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Tuesday, October 04, 2005

ClickTracks 6: More Bling for Your Buck

[photo credit: "Bling Keyboard," Graham Anderson, via Flickr]

You've got to admire ClickTracks. Lately, the idea that the workplace is actually more productive when right-brained, visual, creative folks are involved is getting its due -- to wit, Dan Pink's recent book A Whole New Mind: Moving from the Information Age to the Conceptual Age.

I'm sure other analytics vendors have sometimes talked a good game when it comes to making reporting more intuitive and setup routines less onerous, but it was ClickTracks that made everyone pay so much attention to usability and presentation design in the current generation of web marketing consoles. They initially burst on the scene with a fervor perhaps matched only by Brett Favre staging an improbable touchdown drive.

From the demo I saw (of the Pro version), ClickTracks has found the endzone with the 6.0 release, and they've done it with style. (The "blue man" icon in the demo was sporting a big bling-y gold six-shaped medallion, and the title of the presentation was cheeky: "The Best Six You'll Ever Have.")

Substantively, I am impressed with a number of features. For marketers seeking to conduct A/B testing of landing page performance, an easy wizard facilitates setup of the test. Asked why the analytics firm didn't go farther to integrate the actual page creation aspects of A/B testing (a la Offermatica), CEO John Marshall wouldn't rule out either a future merger or future in-house development, but wouldn't go on record as saying the company would proceed on this front. It sounds to us like (if they do anything, that is) they'd prefer to buy, rather than build, this feature - I think such an acquisition would make sense because the acquired company would also deliver new potential customers to ClickTracks.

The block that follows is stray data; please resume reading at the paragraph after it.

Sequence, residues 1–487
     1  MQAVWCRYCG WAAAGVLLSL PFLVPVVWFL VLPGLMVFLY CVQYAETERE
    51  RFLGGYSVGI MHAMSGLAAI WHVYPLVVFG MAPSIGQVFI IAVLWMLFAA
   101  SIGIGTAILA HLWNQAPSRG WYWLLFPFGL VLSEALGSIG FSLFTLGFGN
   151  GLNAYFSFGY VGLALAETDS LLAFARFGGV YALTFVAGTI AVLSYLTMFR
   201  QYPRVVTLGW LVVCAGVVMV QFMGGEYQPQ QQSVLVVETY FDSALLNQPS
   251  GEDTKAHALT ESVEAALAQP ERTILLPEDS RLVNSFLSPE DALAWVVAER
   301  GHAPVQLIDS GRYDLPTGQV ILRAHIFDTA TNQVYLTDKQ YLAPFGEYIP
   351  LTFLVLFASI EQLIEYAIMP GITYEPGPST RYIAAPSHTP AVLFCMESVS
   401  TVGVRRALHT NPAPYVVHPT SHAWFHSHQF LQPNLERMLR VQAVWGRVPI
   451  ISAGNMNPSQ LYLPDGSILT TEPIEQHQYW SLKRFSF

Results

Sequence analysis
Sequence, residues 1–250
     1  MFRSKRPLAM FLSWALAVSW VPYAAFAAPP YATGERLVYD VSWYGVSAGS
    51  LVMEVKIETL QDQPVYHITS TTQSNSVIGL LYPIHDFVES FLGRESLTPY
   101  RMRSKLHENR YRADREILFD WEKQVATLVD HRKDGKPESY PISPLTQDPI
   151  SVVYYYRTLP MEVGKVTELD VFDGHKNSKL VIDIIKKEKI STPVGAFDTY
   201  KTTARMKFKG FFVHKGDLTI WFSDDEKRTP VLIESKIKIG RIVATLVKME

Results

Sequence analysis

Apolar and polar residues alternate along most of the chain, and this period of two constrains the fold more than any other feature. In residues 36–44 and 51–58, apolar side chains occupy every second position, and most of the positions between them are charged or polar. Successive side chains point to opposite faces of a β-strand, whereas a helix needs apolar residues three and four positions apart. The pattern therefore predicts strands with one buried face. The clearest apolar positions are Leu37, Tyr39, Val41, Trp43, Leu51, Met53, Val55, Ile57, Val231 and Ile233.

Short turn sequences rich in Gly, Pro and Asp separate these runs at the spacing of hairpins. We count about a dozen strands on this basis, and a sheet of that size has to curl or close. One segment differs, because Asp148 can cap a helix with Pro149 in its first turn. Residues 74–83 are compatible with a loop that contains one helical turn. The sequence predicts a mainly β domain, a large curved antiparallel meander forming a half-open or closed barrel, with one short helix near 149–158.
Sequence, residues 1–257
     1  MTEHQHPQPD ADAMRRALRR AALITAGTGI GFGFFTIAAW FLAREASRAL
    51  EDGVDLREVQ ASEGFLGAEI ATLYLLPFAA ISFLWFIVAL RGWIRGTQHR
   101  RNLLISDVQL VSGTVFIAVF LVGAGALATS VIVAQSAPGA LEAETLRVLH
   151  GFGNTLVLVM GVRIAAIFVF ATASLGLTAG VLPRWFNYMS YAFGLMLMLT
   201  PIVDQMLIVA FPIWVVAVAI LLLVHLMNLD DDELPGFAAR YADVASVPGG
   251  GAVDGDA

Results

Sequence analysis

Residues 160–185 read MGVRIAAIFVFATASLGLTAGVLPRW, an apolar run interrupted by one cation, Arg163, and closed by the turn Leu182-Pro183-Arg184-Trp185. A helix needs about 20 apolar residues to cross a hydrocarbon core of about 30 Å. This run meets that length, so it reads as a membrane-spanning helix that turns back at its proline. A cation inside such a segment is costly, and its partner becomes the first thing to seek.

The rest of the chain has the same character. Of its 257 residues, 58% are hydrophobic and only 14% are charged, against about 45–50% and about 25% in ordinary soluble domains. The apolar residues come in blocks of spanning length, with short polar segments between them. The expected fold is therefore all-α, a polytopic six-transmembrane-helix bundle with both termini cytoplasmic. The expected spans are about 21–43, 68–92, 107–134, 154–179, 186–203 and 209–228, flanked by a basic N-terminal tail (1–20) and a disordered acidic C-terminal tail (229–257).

Many features are enhanced with helpful visuals. Mouse over a link in a report about page performance, and get a thumbnail of the page (so you remember which one it is). A/B test results can be packaged into a PDF overview to send onto skeptics in upper management. Segments of traffic are clearly demarcated by color bars and icons, and so on.

Minor, but still significant, improvements, include an enhanced "What's Changed" report, allowing better control over time periods.

A key improvement is the ability to achieve "dashboard-style reports" without being reliant on a proprietary Windows-based interface. ClickTracks 6.0 allows more to be done with a standard web browser.